Land Expropriation: An attack on poor black South Africans
Ian von Memerty is a Zimbabwean-born South African entertainer, actor, singer, musician, writer, director and television presenter.

The one way to ensure that the whirlpool sucks the poorest South Africans down into a future that is even more terrible is to start on no-pay land expropriation.

At Daily Maverick’s The Gathering in 2017, Julius Malema made clear: “We love Uncle Bob Mugabe.” This was in the same week that Mugabe had just been overthrown in that remarkable bloodless coup.

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It was also on the same day that former Zimbabwean Finance Minister Tendai Biti clearly laid out the financial disaster that Zimbabwe was enduring. Ninety percent unemployment. Yes, ninety. The majority of the country are living on a sum of 40 US cents a day. That is R5 a day or R150 a month. And since “land expropriation” started, the Zimbabwean economy has halved.

Now the fact that Mugabe practised genocide against his fellow citizens with the Matabele slaughter of the late ‘80s is not germane to this article. Neither is the fact that Mugabe was a dictator who obliterated democracy twice, with the distortion of the parliamentary vote which Zanu-PF lost in 2003 – and then again in 2008 when he blatantly stole the presidential election.

But what is central to this article is this: Mugabe, his henchmen and their policies destroyed his country’s wealth and made sure that the poorest Zimbabweans, which means specifically black Zimbabweans, suffered unemployment, starvation and poverty at levels never before suffered at any time in their modern history.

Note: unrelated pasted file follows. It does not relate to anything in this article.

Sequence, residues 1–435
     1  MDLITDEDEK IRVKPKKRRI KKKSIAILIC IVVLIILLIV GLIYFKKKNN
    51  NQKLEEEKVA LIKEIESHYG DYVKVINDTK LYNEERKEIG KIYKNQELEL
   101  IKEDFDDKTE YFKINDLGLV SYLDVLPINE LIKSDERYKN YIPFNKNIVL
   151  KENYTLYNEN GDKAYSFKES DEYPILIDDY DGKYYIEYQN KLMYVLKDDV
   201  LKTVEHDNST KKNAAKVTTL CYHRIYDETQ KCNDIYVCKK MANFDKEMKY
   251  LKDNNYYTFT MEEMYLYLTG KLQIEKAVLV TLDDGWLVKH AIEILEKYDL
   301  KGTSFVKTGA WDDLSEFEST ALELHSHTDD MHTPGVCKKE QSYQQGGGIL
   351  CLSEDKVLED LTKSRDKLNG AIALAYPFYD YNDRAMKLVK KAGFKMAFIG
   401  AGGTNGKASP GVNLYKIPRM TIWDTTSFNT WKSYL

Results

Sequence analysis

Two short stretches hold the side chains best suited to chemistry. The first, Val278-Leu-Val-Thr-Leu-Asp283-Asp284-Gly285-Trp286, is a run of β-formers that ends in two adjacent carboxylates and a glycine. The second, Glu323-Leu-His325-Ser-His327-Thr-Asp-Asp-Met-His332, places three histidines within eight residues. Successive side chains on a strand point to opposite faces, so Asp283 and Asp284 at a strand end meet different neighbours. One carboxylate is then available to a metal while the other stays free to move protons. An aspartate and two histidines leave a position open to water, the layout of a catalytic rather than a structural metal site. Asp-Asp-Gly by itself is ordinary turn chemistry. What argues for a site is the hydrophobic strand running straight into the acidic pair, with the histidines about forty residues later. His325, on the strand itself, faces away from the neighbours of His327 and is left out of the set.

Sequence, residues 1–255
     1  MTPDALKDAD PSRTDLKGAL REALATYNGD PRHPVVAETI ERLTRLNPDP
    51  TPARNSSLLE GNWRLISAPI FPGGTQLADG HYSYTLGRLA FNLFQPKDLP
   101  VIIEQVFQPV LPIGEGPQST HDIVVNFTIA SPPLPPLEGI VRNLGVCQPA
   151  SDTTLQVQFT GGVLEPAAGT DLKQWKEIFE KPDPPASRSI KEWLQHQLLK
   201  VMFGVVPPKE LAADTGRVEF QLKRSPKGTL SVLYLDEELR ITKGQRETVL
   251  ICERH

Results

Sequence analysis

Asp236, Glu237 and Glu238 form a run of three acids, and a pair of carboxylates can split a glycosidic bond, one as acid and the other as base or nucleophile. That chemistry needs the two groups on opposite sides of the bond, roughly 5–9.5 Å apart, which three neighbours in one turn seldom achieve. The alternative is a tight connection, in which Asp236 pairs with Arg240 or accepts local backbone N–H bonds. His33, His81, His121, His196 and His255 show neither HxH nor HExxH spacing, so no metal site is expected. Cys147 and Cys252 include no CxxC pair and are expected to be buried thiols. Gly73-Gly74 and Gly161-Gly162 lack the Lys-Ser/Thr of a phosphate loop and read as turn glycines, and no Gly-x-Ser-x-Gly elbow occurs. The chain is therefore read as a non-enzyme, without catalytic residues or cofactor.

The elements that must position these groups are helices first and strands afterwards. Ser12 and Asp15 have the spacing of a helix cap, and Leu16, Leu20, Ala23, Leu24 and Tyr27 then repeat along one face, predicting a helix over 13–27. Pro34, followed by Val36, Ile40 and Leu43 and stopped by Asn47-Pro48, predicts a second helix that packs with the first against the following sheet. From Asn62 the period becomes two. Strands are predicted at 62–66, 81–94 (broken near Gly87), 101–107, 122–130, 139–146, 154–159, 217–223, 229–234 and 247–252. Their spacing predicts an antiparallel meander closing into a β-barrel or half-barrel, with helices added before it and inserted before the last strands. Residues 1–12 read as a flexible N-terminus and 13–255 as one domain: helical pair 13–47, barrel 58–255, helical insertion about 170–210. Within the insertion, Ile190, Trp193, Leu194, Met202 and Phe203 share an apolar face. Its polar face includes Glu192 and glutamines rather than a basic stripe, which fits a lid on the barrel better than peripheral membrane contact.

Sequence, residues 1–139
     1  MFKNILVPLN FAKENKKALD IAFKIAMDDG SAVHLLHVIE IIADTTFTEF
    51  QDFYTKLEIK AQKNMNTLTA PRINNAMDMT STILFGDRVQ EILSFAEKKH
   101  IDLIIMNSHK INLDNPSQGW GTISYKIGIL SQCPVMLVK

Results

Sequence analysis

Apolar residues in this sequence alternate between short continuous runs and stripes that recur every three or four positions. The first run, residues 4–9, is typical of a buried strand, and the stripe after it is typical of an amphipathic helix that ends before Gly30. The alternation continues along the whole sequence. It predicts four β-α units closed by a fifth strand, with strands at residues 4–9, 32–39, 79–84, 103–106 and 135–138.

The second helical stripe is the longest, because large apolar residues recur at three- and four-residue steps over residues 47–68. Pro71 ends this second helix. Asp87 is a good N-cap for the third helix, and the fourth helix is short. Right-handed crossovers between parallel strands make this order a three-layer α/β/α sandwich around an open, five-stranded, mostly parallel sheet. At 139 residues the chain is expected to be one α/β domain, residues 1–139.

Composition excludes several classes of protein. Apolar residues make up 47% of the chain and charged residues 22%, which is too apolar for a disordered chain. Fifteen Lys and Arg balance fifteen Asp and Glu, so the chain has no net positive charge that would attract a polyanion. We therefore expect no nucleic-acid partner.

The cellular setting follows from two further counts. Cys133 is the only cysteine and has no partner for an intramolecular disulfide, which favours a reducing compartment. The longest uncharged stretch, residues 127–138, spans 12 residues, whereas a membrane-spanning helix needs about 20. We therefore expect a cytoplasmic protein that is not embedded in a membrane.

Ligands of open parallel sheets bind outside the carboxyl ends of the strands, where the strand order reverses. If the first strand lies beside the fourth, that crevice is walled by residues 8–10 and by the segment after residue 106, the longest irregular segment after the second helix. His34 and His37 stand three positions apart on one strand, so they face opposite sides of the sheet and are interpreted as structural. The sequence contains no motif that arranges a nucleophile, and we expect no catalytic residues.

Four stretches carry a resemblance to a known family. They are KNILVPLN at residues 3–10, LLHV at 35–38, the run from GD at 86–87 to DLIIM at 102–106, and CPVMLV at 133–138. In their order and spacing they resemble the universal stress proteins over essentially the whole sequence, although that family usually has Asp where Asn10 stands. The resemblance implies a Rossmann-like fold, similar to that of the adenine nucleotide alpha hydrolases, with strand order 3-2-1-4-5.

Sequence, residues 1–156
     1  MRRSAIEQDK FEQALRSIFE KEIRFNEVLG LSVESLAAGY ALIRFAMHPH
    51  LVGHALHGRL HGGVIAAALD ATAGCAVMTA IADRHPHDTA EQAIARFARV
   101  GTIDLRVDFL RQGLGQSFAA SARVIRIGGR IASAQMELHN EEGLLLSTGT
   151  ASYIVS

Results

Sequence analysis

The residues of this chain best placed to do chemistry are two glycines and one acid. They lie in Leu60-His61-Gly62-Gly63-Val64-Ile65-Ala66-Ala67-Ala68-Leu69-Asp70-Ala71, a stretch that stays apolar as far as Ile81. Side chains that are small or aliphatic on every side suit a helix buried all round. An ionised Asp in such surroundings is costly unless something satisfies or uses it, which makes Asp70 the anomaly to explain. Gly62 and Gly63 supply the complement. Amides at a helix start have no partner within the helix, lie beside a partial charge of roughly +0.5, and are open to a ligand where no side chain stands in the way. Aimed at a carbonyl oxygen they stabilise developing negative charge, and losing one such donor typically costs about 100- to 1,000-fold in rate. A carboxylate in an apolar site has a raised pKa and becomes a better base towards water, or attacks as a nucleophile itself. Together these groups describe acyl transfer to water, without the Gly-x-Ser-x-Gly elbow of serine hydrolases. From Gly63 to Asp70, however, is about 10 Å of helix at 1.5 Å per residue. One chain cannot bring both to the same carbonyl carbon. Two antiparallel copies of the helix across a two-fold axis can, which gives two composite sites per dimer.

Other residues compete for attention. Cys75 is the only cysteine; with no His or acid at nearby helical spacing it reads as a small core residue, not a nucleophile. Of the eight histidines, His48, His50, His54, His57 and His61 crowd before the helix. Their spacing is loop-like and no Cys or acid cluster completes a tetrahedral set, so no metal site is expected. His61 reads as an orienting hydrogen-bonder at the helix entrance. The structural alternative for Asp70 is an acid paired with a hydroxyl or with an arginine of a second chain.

And land expropriation without compensation was a central part of that policy, which plunged his people into hardships they did not deserve, could not foresee, and could not imagine.

Now let us state the obvious – the fact that the majority of South African land is held by white people is just not right. It is unacceptable. It is vital that black South Africans own South African land and until that right is wronged the country will not truly move forward economically, politically or socially in a way that guarantees success to all our peoples.

And the stark truth is this: until the poorest South Africans, which means 30-million black South Africans, until our people are educated, empowered, employed and endowed with all the rights of the affluent then the country will not succeed. It cannot. If the system does not work for everyone, the system is fundamentally flawed.

How can any of us who read these pages understand the frustration that nearly 24 years into democracy black South Africans are marginalised, poor, and still stuck in a whirlpool that never seems to spiral upwards? Because if you are reading this you are one of the empowered.

But you can be absolutely sure that the one way to ensure that that whirlpool sucks them down into a future that is even more terrible is to start on no-pay expropriation.

It sounds like it should help people at the bottom – but it never has.

It sounds like it should right historical wrongs – it never has.